Imagine this: A so-called presidential historian for a major television network publishes an interview in the most famous newspaper in the world with the most famous singer/songwriter in the world, who has recently written an explosive song accusing the U.S. government of a conspiracy in the assassination of the most famous modern American president, and the interviewer never asks the singer about the specific allegations in his song except to ask him if he was surprised that the song reached number one on the Billboard hit list and other musical and cultural references that have nothing to do with the assassination.
Imagine no more. For that is exactly what Douglas Brinkley, CNN’s presidential historian, has just done with his June 12, 2020 interview with Bob Dylan in the The New York Times. The interview makes emphatically clear that Brinkley is not in the least interested in what Dylan has to say about the assassination of the President of the United States, John F. Kennedy, whose murder most foul marks in the most profound way possible the devolution of the U.S. into the cesspool it has become. Brinkley has another agenda.
He introduces the interview by sketching in his relationship with Dylan and tells us that he therefore felt “comfortable” reaching out to him in April after Dylan had released his song about the JFK assassination, “Murder Most Foul.” He conveniently links to a New York Times piece by John Pareles wherein Pareles writes about the surprise song release, “The assassination of John F. Kennedy is its core and central trauma — “the soul of a nation been torn away/and it’s beginnin’ to go into a slow decay” — while Dylan tries to find answers, or at least clues, in music.”
That is simply false – for Dylan emphatically does not try to find answers or clues to JFK’s murder, but boldly states his answer. If you listen to his piercing voice and follow the lyrics closely, you might be startled to be told, not from someone who can be dismissed as some sort of disgruntled “conspiracy nut,” but by the most famous musician in the world, that there was a government conspiracy to kill JFK, that Oswald didn’t do it, and that the killers then went for the president’s brothers.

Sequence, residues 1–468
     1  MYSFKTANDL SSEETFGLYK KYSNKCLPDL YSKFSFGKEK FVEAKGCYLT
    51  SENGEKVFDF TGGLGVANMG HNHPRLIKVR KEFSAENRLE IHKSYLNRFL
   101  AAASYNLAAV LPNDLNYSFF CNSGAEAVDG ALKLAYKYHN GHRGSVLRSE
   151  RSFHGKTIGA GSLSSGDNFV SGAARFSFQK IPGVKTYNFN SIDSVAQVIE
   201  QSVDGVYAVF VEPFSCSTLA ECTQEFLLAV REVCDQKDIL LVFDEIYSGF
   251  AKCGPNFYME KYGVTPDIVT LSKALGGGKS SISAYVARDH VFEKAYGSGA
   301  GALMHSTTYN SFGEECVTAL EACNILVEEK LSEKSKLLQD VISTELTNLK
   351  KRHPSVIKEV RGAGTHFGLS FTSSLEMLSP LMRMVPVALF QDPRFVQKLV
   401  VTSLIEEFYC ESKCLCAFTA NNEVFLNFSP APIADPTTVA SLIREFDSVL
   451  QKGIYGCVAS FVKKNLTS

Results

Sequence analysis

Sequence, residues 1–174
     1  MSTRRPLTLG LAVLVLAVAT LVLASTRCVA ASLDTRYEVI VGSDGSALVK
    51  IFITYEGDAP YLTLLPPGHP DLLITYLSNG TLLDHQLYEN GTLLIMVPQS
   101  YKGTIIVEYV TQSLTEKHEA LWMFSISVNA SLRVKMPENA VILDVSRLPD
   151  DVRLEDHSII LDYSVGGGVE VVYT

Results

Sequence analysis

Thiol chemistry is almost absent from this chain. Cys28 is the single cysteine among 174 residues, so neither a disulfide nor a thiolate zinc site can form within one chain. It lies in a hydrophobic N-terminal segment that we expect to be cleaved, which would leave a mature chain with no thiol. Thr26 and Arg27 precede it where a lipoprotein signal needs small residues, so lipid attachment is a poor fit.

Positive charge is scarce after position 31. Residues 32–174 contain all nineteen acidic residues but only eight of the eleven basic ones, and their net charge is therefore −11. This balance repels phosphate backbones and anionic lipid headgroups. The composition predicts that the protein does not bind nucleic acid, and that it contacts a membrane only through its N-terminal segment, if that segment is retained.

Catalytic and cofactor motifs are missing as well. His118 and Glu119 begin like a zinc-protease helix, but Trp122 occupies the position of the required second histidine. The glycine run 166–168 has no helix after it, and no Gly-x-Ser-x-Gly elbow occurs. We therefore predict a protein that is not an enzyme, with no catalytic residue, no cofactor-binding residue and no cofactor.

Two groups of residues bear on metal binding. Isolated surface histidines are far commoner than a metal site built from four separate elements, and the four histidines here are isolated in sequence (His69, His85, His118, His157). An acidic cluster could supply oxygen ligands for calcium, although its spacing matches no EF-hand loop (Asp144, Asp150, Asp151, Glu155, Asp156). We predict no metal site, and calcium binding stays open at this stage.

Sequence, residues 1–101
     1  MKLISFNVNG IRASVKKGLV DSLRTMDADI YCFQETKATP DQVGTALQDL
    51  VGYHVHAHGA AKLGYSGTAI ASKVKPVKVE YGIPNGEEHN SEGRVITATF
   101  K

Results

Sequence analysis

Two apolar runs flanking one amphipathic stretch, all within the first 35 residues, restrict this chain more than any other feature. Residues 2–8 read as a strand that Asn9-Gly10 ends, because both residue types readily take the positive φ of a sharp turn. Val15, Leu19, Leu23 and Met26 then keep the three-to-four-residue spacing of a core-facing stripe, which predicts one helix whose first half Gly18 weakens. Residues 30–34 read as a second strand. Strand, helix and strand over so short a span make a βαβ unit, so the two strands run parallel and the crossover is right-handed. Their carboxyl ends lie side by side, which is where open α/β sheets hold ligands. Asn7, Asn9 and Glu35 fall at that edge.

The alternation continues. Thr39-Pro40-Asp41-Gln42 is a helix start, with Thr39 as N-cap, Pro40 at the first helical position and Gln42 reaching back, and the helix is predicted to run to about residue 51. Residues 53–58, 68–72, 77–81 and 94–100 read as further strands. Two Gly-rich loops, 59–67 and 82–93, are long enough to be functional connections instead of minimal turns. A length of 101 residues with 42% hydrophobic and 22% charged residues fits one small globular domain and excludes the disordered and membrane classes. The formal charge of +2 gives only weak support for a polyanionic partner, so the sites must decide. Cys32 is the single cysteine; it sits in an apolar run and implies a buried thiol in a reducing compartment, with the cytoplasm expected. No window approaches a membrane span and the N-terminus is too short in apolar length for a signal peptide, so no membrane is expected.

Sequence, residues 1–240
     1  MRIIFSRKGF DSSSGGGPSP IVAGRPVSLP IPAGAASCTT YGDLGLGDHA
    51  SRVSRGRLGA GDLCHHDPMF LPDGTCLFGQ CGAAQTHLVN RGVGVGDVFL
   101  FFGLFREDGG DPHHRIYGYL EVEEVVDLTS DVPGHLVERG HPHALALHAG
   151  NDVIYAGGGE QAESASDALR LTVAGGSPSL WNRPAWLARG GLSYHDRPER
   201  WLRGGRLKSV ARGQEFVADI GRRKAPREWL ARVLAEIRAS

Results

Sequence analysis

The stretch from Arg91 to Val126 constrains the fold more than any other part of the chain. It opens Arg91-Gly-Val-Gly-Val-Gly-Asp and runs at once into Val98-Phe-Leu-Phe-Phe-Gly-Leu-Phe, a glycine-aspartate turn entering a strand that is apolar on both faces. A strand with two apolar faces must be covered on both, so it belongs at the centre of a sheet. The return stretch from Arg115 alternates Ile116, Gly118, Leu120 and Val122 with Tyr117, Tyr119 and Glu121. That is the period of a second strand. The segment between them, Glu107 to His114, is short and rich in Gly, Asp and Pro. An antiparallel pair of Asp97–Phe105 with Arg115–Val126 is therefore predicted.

But neither Pareles or the presidential historian interviewer Brinkley has any interest in Dylan’s answer. As I wrote five days after the song’s release, it was already clear that the corporate mainstream media were in the process of diverting readers from the core of Dylan’s message:
While the song’s release has garnered massive publicity from the mainstream media, it hasn’t taken long for that media to bury the truth of his words about the assassination under a spectacle of verbiage meant to damn with faint praise. As the media in a celebrity culture of the spectacle tend to do, the emphasis on the song’s pop cultural references is their focus, with platitudes about the assassination and “conspiracy theories,” as well as various shameful and gratuitous digs at Dylan for being weird, obsessed, or old. As the song says, “they killed him once and they killed him twice,” so now they can kill him a third time, and then a fourth ad infinitum. And now the messenger of the very bad news must be dispatched along with the dead president.